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2010 News Releases

Longwood professor to speak about education research in Faculty Colloquium Lecture

March 24, 2010

Gena Southall Dr. Gena Southall

Dr. Gena Southall, assistant professor of English at Longwood University, will give a Faculty Colloquium Lecture on Thursday, April 1, at 7 p.m. in Orr Auditorium (Hull 132) on "Hands-On and Minds-On: Cooperative Learning Done Right."

Southall, a Longwood alumna (B.A. 1997, M.A. 2000), will speak about her research into, and efforts toward, how colleges and universities can better prepare future teachers by using a cooperative approach to learning that involves "cooperative base groups." In this approach, students are "grouped based on interests and abilities, usually for an entire semester, and work together on everything ranging from small in-class assignments to major projects," she said.

"Cooperative base groups can be used to present academic content, to assist and solidify students' critical thinking and metacognition, and to give students sustained support for academic and social progress," said Southall, who has used them in her classes since joining the Longwood faculty in 2006. "Being involved in these base groups is especially important for preservice secondary English teachers who will be relying on cooperative learning to reach pedagogical goals in their own classrooms."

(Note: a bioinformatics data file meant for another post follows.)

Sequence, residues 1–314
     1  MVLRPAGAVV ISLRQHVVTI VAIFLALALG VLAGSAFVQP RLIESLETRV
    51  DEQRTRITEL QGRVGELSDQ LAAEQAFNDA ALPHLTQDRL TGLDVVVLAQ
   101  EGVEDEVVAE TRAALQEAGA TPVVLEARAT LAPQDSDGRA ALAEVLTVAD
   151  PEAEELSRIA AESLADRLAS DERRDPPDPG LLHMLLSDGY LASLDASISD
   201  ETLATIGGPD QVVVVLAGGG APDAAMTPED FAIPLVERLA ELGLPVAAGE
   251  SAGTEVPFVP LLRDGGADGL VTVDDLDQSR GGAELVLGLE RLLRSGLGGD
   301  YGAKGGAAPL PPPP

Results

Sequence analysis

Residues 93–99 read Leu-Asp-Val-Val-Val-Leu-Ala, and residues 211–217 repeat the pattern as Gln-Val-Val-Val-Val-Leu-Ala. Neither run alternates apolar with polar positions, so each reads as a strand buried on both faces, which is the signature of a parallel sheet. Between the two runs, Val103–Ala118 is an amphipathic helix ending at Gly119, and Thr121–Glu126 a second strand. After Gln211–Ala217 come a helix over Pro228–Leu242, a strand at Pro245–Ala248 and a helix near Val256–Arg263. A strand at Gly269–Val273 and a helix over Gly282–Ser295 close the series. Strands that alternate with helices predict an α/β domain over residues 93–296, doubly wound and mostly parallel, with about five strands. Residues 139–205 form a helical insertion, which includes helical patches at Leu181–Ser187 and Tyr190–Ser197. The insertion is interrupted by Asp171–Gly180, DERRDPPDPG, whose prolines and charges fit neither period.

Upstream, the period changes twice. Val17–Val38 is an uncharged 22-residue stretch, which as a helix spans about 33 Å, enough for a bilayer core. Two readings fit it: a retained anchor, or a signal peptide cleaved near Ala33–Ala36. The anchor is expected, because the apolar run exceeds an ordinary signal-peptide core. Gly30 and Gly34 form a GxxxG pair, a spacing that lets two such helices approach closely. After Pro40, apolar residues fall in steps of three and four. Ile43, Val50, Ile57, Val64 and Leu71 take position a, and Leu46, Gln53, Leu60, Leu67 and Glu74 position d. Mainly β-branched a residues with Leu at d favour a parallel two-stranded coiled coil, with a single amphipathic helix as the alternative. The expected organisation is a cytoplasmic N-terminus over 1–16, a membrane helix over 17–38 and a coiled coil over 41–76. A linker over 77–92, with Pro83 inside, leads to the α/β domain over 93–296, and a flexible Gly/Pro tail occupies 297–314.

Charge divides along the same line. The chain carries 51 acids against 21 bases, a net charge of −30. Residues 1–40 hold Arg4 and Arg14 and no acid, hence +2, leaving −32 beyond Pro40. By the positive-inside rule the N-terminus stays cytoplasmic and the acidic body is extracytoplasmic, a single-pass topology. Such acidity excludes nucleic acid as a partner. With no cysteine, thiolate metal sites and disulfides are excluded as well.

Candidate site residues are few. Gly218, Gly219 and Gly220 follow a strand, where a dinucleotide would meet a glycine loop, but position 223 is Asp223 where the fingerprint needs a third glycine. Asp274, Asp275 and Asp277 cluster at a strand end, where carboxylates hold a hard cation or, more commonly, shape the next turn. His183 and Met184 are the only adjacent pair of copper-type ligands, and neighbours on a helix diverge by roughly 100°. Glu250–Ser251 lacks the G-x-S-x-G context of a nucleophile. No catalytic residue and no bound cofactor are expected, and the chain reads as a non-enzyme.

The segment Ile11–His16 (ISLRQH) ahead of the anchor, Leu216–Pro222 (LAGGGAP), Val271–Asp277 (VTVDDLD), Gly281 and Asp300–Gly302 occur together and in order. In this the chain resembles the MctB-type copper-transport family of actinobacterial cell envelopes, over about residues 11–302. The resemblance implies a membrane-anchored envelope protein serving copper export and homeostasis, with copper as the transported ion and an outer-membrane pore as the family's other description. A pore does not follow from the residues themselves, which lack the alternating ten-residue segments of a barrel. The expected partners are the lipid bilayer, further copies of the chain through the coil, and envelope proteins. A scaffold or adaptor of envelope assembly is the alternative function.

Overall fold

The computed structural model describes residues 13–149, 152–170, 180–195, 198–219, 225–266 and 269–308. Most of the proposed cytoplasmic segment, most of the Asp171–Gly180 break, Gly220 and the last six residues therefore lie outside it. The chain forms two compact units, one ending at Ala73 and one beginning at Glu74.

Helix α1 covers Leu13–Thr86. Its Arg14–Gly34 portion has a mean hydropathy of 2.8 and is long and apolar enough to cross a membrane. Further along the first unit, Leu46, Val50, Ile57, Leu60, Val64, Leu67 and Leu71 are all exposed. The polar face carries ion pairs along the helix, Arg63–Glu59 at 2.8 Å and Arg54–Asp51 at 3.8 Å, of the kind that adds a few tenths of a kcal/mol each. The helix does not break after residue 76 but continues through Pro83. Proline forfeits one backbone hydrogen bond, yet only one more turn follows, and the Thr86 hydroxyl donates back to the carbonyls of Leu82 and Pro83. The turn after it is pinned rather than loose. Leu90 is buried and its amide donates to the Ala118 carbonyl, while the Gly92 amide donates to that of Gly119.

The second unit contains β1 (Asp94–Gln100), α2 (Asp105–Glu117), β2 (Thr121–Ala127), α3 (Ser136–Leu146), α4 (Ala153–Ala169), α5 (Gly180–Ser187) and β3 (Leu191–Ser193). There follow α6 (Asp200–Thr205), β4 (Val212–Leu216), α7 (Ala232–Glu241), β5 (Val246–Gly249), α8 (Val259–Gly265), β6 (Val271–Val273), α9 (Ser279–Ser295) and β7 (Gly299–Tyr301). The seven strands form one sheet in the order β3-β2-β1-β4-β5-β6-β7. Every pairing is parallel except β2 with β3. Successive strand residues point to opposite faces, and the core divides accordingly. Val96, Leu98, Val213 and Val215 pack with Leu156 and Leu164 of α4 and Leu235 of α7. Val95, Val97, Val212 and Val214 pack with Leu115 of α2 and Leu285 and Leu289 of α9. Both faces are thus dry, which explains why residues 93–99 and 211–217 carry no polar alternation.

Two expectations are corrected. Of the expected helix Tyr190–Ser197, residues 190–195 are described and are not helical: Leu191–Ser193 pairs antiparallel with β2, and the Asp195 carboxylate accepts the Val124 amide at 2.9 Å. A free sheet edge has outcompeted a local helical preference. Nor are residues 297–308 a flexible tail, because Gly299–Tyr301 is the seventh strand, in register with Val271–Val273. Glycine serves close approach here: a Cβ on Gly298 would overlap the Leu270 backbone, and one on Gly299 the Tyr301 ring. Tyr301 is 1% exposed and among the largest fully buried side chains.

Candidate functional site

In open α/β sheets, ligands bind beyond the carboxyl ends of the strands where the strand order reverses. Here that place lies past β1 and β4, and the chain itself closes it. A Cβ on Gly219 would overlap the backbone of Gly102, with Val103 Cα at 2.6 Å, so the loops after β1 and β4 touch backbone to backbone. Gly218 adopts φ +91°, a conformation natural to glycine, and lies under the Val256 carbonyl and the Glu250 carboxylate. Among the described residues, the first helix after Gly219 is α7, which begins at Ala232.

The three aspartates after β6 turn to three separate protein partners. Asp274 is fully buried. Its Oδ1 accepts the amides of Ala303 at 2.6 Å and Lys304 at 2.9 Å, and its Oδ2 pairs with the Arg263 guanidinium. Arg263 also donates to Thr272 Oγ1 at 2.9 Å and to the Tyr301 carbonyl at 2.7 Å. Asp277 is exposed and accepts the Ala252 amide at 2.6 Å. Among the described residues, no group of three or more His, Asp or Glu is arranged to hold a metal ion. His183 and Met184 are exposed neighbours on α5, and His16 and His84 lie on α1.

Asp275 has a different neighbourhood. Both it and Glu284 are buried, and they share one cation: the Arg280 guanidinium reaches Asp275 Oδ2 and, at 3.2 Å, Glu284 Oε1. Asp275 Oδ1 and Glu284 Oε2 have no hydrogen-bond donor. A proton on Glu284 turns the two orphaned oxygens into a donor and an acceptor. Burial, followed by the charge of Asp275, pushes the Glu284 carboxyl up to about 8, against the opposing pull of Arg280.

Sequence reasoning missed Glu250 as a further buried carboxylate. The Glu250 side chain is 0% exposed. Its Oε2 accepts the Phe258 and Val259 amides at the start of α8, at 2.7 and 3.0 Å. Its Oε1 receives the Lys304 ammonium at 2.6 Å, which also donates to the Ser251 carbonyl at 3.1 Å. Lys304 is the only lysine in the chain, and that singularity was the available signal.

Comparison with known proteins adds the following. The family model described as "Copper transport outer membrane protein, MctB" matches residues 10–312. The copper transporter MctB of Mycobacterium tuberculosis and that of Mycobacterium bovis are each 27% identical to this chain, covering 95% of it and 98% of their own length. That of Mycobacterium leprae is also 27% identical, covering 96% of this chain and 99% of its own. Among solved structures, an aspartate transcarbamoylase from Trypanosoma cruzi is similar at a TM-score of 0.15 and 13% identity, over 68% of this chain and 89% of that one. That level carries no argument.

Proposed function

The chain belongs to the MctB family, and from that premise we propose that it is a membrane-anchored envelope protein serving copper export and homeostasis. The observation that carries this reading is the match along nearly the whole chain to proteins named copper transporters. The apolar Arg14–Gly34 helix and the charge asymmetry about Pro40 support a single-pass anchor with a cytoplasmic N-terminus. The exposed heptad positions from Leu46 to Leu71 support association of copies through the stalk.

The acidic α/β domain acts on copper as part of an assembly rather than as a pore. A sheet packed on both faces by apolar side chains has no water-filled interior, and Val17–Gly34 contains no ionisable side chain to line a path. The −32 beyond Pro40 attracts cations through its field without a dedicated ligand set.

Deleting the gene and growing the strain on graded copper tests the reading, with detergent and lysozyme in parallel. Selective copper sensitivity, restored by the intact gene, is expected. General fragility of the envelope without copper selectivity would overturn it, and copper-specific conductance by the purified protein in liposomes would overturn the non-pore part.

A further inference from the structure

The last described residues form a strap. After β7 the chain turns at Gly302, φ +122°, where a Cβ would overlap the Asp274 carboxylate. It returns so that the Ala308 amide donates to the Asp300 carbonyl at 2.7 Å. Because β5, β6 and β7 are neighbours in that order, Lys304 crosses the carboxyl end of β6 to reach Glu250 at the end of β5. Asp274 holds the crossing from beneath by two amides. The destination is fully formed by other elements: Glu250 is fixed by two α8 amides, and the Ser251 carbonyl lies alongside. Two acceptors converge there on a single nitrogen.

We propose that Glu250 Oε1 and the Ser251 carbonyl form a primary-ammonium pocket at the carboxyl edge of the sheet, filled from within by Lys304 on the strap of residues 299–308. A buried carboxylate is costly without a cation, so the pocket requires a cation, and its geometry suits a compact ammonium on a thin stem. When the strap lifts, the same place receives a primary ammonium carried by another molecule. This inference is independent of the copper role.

Cooperative base groups were the focus of Southall's doctoral dissertation, in which she interviewed students who were currently using them in class, as well as student teachers and first-year teachers, whom she asked if they use them in their own classrooms. "I found that a lot of teachers are using cooperative base groups because they found them so beneficial," she said.

Southall was first exposed to this method as a doctoral student in the University of Virginia's Curry School of Education when, as a teaching assistant, it was used by Dr. Susan Mintz, associate professor of education, with whom she was team teaching Secondary Instruction and Assessment (EDIS 502), a graduate-level general methods course for secondary teachers. Southall received an Ed.D. in English education from U.Va. in 2006.

While working on her doctorate, she taught courses in education at Longwood and supervised practicum students and student teachers. Her B.A. is in English literature (secondary education concentration), and her M.A. is in English education and writing. As a Longwood undergraduate, she was president of Lambda Iota Tau, the English honor society.

The Farmville native was a 12th grade English teacher at Prince Edward County High School in 2001-02 and a 9th and 10th grade English teacher at Fuqua School from 1998 to 2001.

The Faculty Colloquium Series showcases faculty research and gives faculty members the opportunity to share research with the university community. One proposal is selected for the fall and one for the spring. Selected speakers receive a $1,000 honorarium and a reception following their talk.